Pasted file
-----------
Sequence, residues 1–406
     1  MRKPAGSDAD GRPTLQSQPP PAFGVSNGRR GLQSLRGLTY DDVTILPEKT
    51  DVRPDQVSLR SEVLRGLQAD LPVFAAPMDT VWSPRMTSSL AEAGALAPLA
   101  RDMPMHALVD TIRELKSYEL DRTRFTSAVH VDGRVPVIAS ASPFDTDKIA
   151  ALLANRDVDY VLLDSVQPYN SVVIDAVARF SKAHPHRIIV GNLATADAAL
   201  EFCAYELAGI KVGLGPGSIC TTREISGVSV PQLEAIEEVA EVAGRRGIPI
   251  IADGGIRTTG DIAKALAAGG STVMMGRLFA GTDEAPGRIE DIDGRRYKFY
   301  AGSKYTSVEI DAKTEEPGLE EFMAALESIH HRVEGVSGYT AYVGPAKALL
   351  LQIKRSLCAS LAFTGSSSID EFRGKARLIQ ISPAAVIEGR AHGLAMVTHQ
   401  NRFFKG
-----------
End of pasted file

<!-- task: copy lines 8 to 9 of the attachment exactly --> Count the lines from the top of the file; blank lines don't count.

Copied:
   301  AGSKYTSVEI DAKTEEPGLE EFMAALESIH HRVEGVSGYT AYVGPAKALL
   351  LQIKRSLCAS LAFTGSSSID EFRGKARLIQ ISPAAVIEGR AHGLAMVTHQ